Before the competition, athletes filmed their backstories with local camera operators instead of the series’ usual traveling crews. They tested negative for COVID before going alone to St. Louis, where they were put up in individual hotel rooms and retested every few days. To minimize external contact, a catering crew from Minnesota provided all meals for the constantly masked cast and crew — a total number of people less than that of previous seasons, spread out over 400,000 square feet of the Dome and its neighboring convention center on shoot days. And the course itself was wiped down between runs and cleaned with electrostatic disinfection spray systems each evening.
But even with recordings of crowds’ cheers and giant video screens of loved ones urging on contestants in real time, the arena was so quiet that participants could clearly hear hosts Matt Iseman and Akbar Gbajabiamila commenting on their performances — and occasionally shouted back their own retorts. Usually, they’re drowned out by the enthusiasm of an audience filled with friends and family members. In lieu of such support systems, competitors soon found themselves providing each other with the prayers, encouragements and midrun cheers they’d normally receive from their loved ones.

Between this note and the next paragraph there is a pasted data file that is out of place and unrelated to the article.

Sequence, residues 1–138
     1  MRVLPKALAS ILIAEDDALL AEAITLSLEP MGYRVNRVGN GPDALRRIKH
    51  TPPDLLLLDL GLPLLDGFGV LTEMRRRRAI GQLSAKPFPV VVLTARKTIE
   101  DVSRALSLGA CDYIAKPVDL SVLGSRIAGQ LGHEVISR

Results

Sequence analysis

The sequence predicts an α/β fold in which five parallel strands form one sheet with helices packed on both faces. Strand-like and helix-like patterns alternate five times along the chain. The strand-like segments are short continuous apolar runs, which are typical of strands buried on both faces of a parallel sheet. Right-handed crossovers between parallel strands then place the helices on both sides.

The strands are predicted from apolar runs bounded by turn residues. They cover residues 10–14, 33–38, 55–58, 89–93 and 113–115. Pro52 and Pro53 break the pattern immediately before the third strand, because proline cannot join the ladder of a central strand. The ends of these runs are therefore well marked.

“Had my family been there, I don’t think I would’ve formed such strong bonds with the other Ninjas,” said Zimmerman, competing for her fourth time. Weeks after production wrapped and everyone returned home, “We still talk, we text, we call. I have made some real forever friends — something I did not expect to come out of this very different season.”
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Where other series returning to production this summer have decided not to emphasize the familiar features of life in the pandemic, like mask wearing, “American Ninja Warrior” doesn’t shy from the subject — from images of the series’ crew cleaning the obstacle course to a nurse who works with COVID patients competing in scrubs. Nor does it attempt to ignore the nationwide movement against racial discrimination and violence in policing: Numerous participants wear “Ninja for Black Lives” temporary tattoos and T-shirts while performing their athletic feats.
“I mean, this could have a very negative effect on some people who watch the show, because it makes them uncomfortable, because ‘American Ninja Warrior’ is an escape and they don’t want to have to confront the issues that are out in the world,” said Richardson, who competed in the season premiere in a “Ninja for Black Lives” tank top. “They don’t want to have a conversation about Black Lives Matter or having to wear masks.
“But what we’re going through right now in this country is so much bigger than me just playing around on this obstacle course,” he continued. “Something needs to be done about it, and even if it’s as simple as wearing a shirt or talking about it with the hosts, this show confronts all of that head on. That means the world to me. I’ll forever be grateful for that.”
‘American Ninja Warrior’
When: 8 p.m. Monday
Rating: TV-PG (may be unsuitable for young children)